Well, I can’t answer the first question! I’ll just rather pedantically point out that there is an implicit assumption that 1980 was “right” and 2003 was “wrong” … probably a pretty safe assumption, but an assumption nevertheless. Either way, it can be fairly safely ascribed to the deliberate policy decision taken by the US Govt. when creating the GSEs – guarantee or no guarantee, they are subject to much less stringent capital rules than are commercial banks. At the very least, the ability to offer a steady series of MBS in size will reduce the liquidity premium on their issues.

Prof. Hamilton’s suggested answer to his second question strikes me as too clever. I will simply suggest that subPrime paper should – after structuring – trade at a reasonable spread to prime paper. When the risk premia on prime paper is artificially reduced, the premia on sub-prime paper will be reduced likewise – despite the fact that the sub-prime paper has no guarantee, implicit or explicit. And when there is sufficient demand for spread paper … it gets met!

Wells Fargo reported non-apocalyptic earnings, sparking a huge rally in US Financials:

U.S. stocks rallied after higher- than-estimated profit at Wells Fargo & Co. sparked the biggest- ever gain in financial shares and a two-day tumble in oil prices brightened the outlook for transportation companies.

Wells Fargo, which avoided the worst of the fallout from the subprime mortgage market’s collapse, jumped the most since at least 1980, leading Citigroup Inc., JPMorgan Chase & Co. and Bank of America Corp. higher.

*Accrued Interest* ascribes the move to short covering:

CDS on WFC fell 25bps, with other banks 10ish tighter.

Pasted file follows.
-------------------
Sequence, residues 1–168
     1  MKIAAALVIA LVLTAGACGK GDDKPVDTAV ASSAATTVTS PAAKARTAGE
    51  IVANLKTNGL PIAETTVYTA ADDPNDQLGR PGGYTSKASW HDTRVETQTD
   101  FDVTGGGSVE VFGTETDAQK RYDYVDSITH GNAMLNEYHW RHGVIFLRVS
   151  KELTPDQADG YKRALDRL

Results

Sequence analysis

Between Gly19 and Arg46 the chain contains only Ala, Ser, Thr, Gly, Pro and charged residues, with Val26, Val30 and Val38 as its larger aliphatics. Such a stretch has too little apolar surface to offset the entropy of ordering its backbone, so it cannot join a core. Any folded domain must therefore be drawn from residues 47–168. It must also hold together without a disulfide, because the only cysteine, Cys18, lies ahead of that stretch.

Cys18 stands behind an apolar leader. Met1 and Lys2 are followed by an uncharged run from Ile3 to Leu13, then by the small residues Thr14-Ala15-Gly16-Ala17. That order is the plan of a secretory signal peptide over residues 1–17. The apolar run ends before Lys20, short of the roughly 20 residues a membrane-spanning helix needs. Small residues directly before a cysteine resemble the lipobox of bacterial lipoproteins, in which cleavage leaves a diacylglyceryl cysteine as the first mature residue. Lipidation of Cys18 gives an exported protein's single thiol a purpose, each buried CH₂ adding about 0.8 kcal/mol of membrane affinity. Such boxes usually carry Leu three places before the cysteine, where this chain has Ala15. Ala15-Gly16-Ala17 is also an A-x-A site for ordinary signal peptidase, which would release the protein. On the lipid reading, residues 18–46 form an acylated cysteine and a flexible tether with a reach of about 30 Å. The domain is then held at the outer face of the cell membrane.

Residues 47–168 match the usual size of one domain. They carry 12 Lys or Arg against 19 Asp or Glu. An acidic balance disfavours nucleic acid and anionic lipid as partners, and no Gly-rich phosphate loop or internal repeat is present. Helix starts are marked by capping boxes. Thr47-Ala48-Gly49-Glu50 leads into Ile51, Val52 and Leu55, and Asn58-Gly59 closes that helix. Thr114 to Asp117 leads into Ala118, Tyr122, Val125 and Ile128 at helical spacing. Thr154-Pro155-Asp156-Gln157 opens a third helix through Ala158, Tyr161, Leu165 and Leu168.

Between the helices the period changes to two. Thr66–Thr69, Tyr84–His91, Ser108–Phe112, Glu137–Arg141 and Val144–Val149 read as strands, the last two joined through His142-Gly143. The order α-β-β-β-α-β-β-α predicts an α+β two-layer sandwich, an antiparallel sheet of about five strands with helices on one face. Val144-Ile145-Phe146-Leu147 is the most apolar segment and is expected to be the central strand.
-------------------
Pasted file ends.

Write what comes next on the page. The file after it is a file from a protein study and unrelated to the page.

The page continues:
Now this is mostly short-covering, I’m sure. You have Wells Fargo, the most staid bank in the country, rallying 30% in a single day. Only panicky shorts can cause such a sudden shift in a name like Wells. Hell, the whole S&P Financials sector is up over 10%.

…

This bear market isn’t going to end with investors suddenly having confidence in financials. It will end when shorting financials doesn’t seem like an easy trade any more.…

Anyway, we’ll see how J.P. Morgan and Merrill Lynch come out tomorrow. I expect a good market reaction either way after J.P Morgan’s numbers. Merrill is more risky. Continue to be short duration.

Merrill has some juicy assets on the block – Bloomberg and Blackrock.

Short duration? One rationale is a US refunding crisis. *Naked Capitalism* passes on some apocalyptic clippings.

Well, volume picked up a bit, there were some crosses put on the board … and the PerpetualDiscount index continued its plunge. I saw some activity that looked like bottom fishing … but I’m ALWAYS going to see activity that looks like bottom-fishing. You figure it out!

PerpetualDiscounts now have an average yield of 6.63%, which is 9.28% interest-equivalent at the standard 1.4x conversion factor. Since long corporates still haven’t noticed the world is about to end and continue to yield about 6.1%, this makes the spread 318bp.

Note that these indices are experimental; the absolute and relative daily values are expected to change in the final version. In this version, index values are based at 1,000.0 on 2006-6-30 |
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Index | Mean Current Yield (at bid) | Mean YTW | Mean Average Trading Value | Mean Mod Dur (YTW) | Issues | Day’s Perf. | Index Value |

Ratchet | 4.32% | 3.94% | 41,130 | 0.08 | 1 | +0.000% | 1,122.4 |

Fixed-Floater | 4.66% | 4.39% | 70,609 | 16.34 | 6 | +0.0429% | 1,088.3 |

Floater | 4.13% | 4.15% | 50,865 | 17.11 | 3 | -0.1647% | 892.4 |

Op. Retract | 4.99% | 4.62% | 152,371 | 3.09 | 17 | -0.1841% | 1,040.5 |

Split-Share | 5.47% | 6.81% | 64,147 | 4.08 | 14 | -0.2041% | 1,010.7 |

Interest Bearing | 6.15% | 5.38% | 42,742 | 1.96 | 3 | +0.0347% | 1,120.2 |

Perpetual-Premium | 6.16% | 6.05% | 67,755 | 10.62 | 4 | -0.4961% | 978.9 |